Finance looks for tools to automate the ESG reporting process

Reporting managers are looking to streamline and automate ESG data as SEC reporting is around the corner.
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· 3 min read

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SEC reporting managers, expert timeline planners who project manage quarterly and annual reports, will face a new challenge if the SEC moves forward with a proposal released earlier this year: ESG reporting. In the past few months, data tools and cloud platforms have released a plethora of reporting tools for companies, but verifying the data and signing off on it still remains to be done.

“The phenomenon that we’re looking at would be similar to an accounting team trying to do financial reporting without a general ledger,” Steve Soter, senior industry principal at Workiva, a SaaS company, told CFO Brew. He said that ESG data is spread across utility bills, HR files and so forth, creating a reporting nightmare.

It’s no surprise then that companies are eager for a solution to the reporting issue; according to a new Deloitte report on ESG disclosure and preparedness, 99% of 300 public company executives surveyed said they were somewhat likely or very likely to invest in more technologies and tools over the next 12 months.

And, companies with available tools are rushing to fill this need. Salesforce announced a new tool, Automate ESG Reporting, that polls data from a host of its other systems to manage and spit out investor reports “in real time.” The tool will be available in February 2023 and comply with Global Reporting Initiative, an international ESG framework. AuditBoard, a cloud platform, also launched an ESG reporting tool earlier this fall, featuring some automated capabilities. Reporting platform Workiva incorporated an ESG element that it says is “always audit ready.”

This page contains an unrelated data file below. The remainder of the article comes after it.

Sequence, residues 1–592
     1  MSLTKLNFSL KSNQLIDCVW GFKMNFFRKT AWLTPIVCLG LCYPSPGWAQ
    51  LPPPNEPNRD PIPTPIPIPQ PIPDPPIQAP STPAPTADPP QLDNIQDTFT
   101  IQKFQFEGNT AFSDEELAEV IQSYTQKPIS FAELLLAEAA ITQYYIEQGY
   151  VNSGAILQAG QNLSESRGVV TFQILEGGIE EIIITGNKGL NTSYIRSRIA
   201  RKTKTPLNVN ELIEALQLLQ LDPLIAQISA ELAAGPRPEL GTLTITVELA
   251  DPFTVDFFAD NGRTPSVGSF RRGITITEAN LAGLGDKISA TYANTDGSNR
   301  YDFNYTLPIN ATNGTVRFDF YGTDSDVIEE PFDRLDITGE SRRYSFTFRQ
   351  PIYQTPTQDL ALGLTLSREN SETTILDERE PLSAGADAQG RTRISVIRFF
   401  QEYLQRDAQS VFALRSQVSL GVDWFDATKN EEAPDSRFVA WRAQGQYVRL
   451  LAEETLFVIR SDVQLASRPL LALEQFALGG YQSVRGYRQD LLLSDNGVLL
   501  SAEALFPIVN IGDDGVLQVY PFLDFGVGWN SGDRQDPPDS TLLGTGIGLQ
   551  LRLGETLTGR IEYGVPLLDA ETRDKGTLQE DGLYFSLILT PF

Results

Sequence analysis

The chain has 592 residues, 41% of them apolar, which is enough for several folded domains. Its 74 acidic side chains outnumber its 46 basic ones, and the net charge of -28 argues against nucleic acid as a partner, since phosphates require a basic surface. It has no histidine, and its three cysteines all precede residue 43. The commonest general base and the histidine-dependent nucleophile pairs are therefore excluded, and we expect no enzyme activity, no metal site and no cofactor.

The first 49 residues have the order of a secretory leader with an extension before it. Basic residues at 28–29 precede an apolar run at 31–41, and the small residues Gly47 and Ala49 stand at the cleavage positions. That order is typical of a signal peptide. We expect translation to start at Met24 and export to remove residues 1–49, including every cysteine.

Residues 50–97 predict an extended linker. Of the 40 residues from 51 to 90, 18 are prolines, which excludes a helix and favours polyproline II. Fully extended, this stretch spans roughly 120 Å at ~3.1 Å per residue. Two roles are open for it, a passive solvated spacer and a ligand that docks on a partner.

Automating the reporting could transform the function and ESG roles as they are today, John Willard, US transformation lead at ESG consulting company Quantis, told CFO Brew. He said that sustainability roles are now spending the majority of their time gathering data.

While companies are clamoring to get a tool that can effectively communicate their ESG metrics, the tricker part will be verifying the data, a critical concern for CFOs who, if reporting data to the SEC, have to vouch for the information. The biggest challenges to report Scope 3 emissions was a “lack of confidence in the quality of data from external vendors” (51%) and “lack of data availability” (41%), Deloitte’s survey found.

When the SEC released its ESG proposal, it was like pouring “gasoline on an already smoldering fire,” Soter told CFO Brew, adding that “financial reporting and audit were already kind of tough to deal with,” so tools that can handle ESG data on top of that will be the “winners” in terms of clientele attraction.

Willard added, “CSOs, CEOs, and CFOs need to really figure out what that balance is that they’re asking of their sustainability teams. Is it to be a reporting function? Or is it to be a larger transformative, integrated business function that is helping them meet the needs of their future business model?”—KT

News built for finance pros

The latest news and insights corporate finance professionals need to know to keep up with their constantly evolving industry.